- Creating a social media presence (such as on Instagram, Twitter, or another platform) with a substantial reach that educates followers or raises awareness about a certain topic amongst followers and incentivizes the active digital citizenship position of its followers
The above list is not at all exhaustive and is intended to only provide a general idea of possible projects. Any projects that involve digital citizenship, as defined in the Background, may be considered eligible. No project is too small!
Application Process and Evaluation
Keeping in line with the spirit of the award, students are asked to apply to the DCGA through a digital format in the form of a recorded video of the student speaking. Students must describe and support their digital citizenship position by providing concrete details addressing as many of the following points as they would like; wherever possible, the applicant should provide numbers or reasonable estimates to support their statement, particularly when describing the project’s reach or impact.
- Description of the project that they have carried out, including the scope of the project (such as school-specific, local, regional, national, or global)
- The length of time for which the project has been in existence
- The issue or topic it addressed or addresses
- Reasoning behind why the project was needed or important
- The project’s reach or impact, including numbers or estimates, if possible or applicable
- The benefits of their project to others
- If the project will continue to exist after the applicant starts university (which could be under the applicant’s or another person’s leadership)
- Description of how the applicant plans to continue using their digital citizenship position in the future to make an impact around them (such as continuing their project or starting a new one)
The application process will be completed entirely online. STEM Fellowship will serve as a centralized hub for administering the LinkedIn Learning Licenses and will keep a national roster of award recipients (Digital Citizen Hall of Fame) and showcase their pathway.
- The video should be between 2 and 4 minutes in duration and must be uploaded by the student onto YouTube on or before the “video upload deadline” (June 21, 2021). By uploading the video sooner, you will have more time to garner likes and support.
- Important: After uploading the video, the student must send an email to email@example.com with the following information:
- Subject heading: “[Student name]: DCGA Application”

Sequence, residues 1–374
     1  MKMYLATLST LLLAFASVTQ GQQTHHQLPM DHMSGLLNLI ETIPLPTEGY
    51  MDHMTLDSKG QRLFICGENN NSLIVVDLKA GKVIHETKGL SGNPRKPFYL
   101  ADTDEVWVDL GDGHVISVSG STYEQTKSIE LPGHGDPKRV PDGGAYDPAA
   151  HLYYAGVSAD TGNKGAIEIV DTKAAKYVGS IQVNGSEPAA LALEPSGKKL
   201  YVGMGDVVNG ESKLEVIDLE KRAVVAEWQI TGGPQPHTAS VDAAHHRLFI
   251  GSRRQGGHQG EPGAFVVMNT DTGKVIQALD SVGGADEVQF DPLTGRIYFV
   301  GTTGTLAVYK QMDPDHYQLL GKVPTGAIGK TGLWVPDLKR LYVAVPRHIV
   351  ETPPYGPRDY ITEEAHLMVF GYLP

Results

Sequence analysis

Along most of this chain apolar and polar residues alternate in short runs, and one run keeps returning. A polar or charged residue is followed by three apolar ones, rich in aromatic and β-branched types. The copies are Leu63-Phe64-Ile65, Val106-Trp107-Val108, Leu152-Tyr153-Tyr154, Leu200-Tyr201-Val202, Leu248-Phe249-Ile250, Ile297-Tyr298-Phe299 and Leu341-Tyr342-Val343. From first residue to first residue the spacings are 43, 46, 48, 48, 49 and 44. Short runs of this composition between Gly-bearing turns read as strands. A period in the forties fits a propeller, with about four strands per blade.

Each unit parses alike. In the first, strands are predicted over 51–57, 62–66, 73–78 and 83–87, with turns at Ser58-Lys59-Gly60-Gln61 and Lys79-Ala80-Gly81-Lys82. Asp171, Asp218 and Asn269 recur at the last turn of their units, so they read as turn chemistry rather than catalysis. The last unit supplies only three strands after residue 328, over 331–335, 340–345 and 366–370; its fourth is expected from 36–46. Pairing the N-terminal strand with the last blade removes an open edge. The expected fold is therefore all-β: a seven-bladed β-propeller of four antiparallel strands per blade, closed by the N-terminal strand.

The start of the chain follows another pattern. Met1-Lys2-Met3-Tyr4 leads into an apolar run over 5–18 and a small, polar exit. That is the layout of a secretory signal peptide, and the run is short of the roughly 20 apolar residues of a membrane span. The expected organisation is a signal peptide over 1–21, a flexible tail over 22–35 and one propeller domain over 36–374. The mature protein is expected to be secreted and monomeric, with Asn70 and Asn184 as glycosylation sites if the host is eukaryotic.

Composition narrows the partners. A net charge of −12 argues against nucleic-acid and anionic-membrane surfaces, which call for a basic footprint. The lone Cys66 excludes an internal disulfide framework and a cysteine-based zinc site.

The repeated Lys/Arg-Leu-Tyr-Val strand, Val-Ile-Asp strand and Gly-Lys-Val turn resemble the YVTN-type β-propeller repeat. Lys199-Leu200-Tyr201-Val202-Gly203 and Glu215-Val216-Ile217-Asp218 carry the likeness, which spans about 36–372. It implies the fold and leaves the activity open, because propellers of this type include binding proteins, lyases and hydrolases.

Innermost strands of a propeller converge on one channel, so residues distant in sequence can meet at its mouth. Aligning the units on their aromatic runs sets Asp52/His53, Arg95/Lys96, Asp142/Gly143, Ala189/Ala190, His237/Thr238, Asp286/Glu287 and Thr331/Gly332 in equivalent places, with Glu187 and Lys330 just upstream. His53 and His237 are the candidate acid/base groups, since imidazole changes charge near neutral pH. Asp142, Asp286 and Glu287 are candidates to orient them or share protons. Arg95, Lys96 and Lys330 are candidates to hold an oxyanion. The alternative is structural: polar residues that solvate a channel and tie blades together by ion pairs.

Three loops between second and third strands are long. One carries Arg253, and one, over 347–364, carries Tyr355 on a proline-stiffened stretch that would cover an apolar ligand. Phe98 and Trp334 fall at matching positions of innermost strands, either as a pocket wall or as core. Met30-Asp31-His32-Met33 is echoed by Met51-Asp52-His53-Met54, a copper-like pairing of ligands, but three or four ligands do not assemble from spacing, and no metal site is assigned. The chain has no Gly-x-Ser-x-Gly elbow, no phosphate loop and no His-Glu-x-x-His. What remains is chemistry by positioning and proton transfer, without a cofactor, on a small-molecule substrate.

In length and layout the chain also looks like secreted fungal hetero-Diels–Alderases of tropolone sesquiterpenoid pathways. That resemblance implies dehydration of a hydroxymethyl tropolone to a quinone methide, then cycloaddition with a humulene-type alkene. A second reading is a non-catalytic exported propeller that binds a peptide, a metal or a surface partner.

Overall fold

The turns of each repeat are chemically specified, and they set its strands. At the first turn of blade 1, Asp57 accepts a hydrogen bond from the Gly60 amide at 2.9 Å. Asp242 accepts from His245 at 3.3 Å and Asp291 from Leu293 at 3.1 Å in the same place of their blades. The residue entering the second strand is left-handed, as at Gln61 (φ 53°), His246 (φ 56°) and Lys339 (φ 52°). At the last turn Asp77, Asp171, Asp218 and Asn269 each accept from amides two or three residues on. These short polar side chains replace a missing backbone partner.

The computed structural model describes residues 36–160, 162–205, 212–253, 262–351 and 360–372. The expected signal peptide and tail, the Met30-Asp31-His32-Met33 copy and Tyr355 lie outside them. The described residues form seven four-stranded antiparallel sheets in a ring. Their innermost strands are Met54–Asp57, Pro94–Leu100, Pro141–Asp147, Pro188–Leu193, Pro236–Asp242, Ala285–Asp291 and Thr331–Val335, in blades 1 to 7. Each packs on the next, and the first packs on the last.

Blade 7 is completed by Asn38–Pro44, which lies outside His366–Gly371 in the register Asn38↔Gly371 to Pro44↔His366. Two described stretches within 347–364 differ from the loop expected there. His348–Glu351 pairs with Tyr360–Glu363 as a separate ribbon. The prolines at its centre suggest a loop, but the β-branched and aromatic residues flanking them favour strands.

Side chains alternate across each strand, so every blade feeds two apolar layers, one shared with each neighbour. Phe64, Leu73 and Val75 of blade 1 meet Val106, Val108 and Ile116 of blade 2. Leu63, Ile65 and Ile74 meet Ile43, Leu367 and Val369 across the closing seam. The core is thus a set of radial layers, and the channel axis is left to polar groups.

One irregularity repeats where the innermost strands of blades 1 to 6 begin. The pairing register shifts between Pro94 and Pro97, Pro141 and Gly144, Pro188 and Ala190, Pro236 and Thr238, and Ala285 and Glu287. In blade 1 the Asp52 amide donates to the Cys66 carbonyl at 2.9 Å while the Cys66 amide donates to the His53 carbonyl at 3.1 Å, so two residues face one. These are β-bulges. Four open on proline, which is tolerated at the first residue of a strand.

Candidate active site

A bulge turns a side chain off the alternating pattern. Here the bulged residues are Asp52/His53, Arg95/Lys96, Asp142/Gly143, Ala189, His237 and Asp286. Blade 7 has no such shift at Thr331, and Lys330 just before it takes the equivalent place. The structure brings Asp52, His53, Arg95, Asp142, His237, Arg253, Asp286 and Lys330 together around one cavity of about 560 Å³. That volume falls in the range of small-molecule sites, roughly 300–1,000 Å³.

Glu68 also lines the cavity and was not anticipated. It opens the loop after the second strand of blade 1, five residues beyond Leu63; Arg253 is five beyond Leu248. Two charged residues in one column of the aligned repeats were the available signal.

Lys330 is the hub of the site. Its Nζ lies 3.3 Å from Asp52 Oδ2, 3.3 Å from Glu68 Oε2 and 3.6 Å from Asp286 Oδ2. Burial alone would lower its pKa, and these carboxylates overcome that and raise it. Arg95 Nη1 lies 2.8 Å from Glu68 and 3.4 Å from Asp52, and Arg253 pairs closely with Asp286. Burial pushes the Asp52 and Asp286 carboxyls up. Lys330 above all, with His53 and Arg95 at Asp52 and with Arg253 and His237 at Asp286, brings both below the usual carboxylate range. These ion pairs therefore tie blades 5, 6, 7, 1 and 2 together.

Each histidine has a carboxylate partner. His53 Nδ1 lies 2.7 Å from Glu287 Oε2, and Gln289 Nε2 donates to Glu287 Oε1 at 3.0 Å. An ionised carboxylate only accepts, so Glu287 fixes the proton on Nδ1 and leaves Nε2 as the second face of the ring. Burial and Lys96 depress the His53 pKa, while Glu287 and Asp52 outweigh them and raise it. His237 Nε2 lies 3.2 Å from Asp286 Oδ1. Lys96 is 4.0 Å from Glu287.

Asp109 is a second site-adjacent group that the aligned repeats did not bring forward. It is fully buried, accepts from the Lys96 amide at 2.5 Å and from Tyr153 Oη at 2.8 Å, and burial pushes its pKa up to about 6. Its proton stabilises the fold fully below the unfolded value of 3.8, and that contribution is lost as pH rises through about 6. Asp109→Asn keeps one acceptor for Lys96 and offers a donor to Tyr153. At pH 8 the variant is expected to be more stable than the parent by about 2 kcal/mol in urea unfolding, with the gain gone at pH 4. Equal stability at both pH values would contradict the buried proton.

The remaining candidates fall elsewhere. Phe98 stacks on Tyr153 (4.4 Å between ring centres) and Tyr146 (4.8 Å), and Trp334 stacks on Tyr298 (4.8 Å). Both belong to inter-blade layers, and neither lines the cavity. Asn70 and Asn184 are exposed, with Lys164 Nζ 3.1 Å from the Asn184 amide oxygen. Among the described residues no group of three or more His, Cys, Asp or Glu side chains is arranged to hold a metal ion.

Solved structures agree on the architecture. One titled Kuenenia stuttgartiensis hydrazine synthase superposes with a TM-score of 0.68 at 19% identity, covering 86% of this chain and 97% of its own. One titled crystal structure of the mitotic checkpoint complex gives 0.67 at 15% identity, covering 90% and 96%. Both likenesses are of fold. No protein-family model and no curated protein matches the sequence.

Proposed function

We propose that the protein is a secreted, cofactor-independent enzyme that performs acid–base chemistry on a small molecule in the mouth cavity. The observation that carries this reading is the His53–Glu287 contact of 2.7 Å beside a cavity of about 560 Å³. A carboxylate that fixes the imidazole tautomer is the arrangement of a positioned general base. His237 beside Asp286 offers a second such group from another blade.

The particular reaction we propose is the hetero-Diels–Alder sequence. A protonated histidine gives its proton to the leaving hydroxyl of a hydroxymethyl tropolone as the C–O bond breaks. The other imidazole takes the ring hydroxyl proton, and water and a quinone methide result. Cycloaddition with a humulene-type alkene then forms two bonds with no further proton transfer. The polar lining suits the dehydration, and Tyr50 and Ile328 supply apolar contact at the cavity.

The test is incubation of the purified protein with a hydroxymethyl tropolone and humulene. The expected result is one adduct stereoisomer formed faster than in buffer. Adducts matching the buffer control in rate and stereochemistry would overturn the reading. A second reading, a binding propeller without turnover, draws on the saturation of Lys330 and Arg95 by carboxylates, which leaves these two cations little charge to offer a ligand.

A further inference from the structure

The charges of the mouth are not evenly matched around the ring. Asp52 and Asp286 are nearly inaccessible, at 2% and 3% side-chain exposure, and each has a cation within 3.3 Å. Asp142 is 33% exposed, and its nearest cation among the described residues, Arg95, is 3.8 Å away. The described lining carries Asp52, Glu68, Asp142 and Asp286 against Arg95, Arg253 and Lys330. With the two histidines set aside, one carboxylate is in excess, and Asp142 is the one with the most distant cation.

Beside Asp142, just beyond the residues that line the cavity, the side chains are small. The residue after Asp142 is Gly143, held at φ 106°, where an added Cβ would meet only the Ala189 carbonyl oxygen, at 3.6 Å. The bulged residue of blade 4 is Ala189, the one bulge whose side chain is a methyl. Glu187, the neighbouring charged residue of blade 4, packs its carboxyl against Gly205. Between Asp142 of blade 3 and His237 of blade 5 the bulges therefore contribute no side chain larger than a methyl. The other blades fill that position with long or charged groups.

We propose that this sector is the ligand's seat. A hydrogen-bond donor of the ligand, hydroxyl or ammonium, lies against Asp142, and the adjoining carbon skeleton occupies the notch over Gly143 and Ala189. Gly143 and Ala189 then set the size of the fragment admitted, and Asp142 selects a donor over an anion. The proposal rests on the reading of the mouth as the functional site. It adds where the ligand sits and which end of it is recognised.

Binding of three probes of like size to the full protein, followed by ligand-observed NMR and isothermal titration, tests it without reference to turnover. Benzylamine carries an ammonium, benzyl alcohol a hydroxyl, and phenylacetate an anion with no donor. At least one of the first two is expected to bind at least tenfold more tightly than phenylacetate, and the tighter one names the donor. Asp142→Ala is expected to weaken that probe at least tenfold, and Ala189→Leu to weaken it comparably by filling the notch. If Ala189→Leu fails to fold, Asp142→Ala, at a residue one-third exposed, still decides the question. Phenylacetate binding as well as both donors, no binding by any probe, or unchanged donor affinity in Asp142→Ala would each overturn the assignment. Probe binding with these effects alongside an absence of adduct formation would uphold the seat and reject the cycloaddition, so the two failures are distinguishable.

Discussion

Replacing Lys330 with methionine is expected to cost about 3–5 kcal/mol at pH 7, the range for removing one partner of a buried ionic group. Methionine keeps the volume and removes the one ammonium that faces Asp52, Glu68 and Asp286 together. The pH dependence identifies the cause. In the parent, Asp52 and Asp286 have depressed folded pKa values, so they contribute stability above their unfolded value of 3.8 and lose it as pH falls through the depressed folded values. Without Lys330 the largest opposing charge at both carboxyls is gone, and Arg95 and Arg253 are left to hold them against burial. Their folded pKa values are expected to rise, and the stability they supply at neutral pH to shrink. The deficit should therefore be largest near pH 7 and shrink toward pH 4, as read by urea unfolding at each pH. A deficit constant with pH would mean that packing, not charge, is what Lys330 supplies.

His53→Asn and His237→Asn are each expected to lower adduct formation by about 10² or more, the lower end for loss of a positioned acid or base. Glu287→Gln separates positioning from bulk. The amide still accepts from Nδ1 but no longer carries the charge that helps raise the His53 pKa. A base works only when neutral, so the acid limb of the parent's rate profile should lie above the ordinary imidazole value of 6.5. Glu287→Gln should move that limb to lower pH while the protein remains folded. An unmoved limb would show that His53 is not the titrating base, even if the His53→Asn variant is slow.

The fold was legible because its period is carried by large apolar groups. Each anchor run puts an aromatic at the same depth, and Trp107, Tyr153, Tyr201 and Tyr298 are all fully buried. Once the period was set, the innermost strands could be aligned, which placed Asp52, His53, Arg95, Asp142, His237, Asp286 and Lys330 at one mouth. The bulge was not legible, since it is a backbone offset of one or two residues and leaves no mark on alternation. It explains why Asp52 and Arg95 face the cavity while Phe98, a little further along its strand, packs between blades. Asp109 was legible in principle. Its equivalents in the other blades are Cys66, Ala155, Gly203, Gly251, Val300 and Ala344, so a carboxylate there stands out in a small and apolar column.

- Email body: Please write your full name, school name, city and province, and a link to your YouTube video. Please ensure your video is publicly viewable.
- The applicant is responsible for sharing the video with their fellow classmates and others in the community to garner support for their video. Support for an applicant’s work will be determined by the number of likes the video receives (in addition to any written recommendations/endorsements in the comments section; see below). Anyone is allowed to show support by liking the video. This ensures that the process of selecting a winner is as democratic as possible. Students are allowed to share their video and ask for support through any medium, such as through social media, email, and others.
- Optional: In the comments section of the video, we invite written recommendations/endorsements supporting the applicant’s work. There is no lower or upper limit to the length of recommendations. The recommendations can be from educators, community members, and fellow peers who have a good knowledge regarding the applicant’s work. These recommendations are optional and not required.
- One day after the “voting deadline” (June 28, 2021), STEM Fellowship will select one winning video from each school (while taking recommendations/endorsements in the comments section into consideration). For example, if we receive five applicants from XYZ School, the applicant whose video has the most likes will be selected for the award.
- All non-winning applicants will also receive full-access LinkedIn Learning Licenses.
- STEM Fellowship will administer the awards.
To ensure that applicants are honest, any information provided in the video must be verifiable upon request, and any estimates provided must be reasonable (in essence, if requested, applicants must be able to explain how they arrived at a certain estimated number in their video).